Monthly Archives: May 2016

Conference call

Dusting off the unintended digital debris of two web conferences yesterday, and in a fragile mood, I was prompted to re-visit the brilliant video spoof A Conference Call in Real Life by the comedy duo Tripp and Tyler to revive my spirits. Though over two years old now, it remains achingly funny and true to life.


red_balloonI read a short paper by a colleague, George, today which rightly argues that usurpation is a proper process for the inhabitants of universities continually to attempt. It can certainly result in transformation but is it necessarily transcendent? Does it have balloon-like qualities?

George opened his piece with the question as to whether transcendence and transgression amount to the same thing. I found the notion of adiaphora, adopted by Bauman (2002), to be a helpful way of addressing this question.

Transcendence, from its Latin root, conjures climbing, rising above, going beyond but implies no breaching, violation or infringement, as does transgression, in which the stem gredi carries the meaning of stepping across or over an acceptable line (legal or moral). From this derives the idea of erring, stepping off the straight and narrow.

In order for transcendence not to entail transgression, there needs to be a degree of adiaphorism at play, i.e. if the state/action transcended is not expressly forbidden, the going beyond it is treated with indifference by authority. The problem is that, in a time like ours of moral liquidity (Bauman again! – 2000), the laissez-faire economics of neoliberalism make both transcendence and transgression more difficult, as society becomes indifferent to (or fearful of) the space beyond. If we are numb, the urge to transcend is lessened. I think we see this in our increasing acceptance of legislation that is anticipatory as much as punitive.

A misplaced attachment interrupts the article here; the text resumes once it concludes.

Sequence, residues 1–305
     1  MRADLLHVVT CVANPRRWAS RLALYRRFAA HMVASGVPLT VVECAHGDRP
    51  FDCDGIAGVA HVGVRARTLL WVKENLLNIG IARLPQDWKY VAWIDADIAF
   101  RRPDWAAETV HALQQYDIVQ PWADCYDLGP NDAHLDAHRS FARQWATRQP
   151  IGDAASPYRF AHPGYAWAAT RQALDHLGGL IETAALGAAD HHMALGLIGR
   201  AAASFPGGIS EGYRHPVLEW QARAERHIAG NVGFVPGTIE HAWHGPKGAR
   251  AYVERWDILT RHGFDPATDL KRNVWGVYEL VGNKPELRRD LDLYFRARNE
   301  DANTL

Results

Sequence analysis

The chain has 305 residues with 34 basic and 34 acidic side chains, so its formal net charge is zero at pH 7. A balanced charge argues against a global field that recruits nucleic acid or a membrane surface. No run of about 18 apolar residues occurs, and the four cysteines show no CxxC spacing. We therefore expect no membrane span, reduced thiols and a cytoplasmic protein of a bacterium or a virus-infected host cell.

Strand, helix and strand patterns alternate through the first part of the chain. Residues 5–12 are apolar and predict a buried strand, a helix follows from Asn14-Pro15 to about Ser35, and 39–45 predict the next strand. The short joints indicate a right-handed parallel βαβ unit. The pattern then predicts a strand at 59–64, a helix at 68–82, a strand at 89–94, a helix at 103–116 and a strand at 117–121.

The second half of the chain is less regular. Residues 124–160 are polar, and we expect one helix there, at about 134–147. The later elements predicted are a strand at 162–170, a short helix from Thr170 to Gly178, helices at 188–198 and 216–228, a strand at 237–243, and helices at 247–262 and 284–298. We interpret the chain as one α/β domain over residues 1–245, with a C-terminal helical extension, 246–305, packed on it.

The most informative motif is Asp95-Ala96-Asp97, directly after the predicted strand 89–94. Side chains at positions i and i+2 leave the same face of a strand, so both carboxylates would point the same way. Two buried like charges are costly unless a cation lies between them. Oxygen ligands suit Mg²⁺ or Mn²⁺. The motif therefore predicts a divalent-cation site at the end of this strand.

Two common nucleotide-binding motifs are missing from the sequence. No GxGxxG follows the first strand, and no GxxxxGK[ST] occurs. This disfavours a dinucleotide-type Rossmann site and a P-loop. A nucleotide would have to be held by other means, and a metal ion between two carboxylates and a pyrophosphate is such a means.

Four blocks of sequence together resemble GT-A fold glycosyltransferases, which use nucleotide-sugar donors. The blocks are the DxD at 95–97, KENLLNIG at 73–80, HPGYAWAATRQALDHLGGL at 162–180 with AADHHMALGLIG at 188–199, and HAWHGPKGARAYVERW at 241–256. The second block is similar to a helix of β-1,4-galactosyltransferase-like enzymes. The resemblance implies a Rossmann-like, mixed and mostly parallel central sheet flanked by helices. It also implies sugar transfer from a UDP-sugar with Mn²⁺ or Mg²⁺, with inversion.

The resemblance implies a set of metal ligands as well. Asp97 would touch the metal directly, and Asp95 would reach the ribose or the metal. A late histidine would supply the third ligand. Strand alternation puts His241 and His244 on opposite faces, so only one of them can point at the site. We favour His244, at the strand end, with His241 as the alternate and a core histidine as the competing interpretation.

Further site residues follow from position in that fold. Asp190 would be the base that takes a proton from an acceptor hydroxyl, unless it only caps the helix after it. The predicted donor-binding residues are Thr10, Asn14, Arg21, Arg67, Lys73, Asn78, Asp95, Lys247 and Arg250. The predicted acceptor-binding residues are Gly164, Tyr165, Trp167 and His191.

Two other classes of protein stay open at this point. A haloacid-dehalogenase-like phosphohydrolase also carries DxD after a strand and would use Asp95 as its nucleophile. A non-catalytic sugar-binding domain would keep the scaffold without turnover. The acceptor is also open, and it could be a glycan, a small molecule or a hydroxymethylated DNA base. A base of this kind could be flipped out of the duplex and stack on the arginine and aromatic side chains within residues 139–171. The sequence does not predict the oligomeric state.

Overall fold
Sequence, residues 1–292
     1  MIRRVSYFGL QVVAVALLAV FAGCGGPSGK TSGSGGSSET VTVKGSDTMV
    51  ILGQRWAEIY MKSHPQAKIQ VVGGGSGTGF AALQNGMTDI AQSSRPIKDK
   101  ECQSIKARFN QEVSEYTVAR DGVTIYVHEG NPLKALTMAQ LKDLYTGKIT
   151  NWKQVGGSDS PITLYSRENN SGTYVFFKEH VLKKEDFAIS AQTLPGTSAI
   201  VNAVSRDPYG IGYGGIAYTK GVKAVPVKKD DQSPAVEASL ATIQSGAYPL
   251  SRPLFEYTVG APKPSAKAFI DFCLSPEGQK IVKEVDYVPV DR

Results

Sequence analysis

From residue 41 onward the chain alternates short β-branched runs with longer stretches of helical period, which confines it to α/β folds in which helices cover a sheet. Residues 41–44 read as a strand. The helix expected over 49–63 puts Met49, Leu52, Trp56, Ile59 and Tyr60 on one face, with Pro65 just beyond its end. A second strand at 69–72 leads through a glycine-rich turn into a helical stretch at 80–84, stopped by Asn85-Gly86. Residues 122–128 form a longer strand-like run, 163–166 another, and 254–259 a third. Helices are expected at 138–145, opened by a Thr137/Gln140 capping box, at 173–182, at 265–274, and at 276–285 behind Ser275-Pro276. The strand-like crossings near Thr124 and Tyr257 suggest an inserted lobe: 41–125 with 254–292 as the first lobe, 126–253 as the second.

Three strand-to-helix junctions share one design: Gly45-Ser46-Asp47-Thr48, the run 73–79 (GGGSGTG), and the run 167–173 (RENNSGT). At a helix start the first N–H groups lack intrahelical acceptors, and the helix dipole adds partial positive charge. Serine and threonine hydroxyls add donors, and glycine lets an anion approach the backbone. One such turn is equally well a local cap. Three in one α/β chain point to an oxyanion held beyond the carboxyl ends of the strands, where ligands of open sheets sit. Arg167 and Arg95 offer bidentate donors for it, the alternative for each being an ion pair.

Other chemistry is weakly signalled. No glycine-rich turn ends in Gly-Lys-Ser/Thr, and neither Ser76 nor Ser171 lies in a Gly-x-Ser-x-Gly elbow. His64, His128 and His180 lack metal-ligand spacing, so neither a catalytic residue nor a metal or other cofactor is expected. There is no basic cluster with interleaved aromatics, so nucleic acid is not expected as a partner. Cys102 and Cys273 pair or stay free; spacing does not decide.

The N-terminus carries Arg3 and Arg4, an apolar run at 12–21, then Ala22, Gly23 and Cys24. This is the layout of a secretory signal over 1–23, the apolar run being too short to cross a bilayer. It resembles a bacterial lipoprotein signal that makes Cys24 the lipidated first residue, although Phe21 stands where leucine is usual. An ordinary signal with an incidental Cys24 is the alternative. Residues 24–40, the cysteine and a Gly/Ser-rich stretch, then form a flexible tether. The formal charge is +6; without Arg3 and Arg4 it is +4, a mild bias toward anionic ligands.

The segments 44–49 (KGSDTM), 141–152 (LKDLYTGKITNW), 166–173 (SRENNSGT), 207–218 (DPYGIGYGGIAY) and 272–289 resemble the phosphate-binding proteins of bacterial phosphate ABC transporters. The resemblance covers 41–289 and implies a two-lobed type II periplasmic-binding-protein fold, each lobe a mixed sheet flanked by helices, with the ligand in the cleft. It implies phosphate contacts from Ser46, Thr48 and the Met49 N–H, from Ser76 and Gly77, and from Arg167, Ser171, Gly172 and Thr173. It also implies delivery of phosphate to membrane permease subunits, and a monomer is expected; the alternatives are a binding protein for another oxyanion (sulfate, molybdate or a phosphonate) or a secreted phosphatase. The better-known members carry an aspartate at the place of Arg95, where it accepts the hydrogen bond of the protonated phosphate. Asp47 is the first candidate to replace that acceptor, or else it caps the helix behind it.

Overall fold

Perhaps the question can be re-phrased. Are creative appropriation and creative expropriation (usurpation) equally effective tactics of resistance to academic closure? George takes a similar line when he notes that usurpation tends to be cyclical, the usurper becoming the usurped, all parties falling victim to the will to exert power. Over time, the will to usurp declines as the academy loses its social value and numbness and adiaphora set in.

Balloons, on the other hand, though inclined to transcend, are unlikely to transgress. We cling to them for as long as we can to prolong the sensation of freedom they convey. It takes courage to release our grip and let them float free.

This is the pain of the liminal state in education.

Bauman, Zygmunt (2002). Society under Siege. Cambridge, Polity Press.
Bauman, Zygmunt (2000). Liquid Modernity. Cambridge, Polity Press.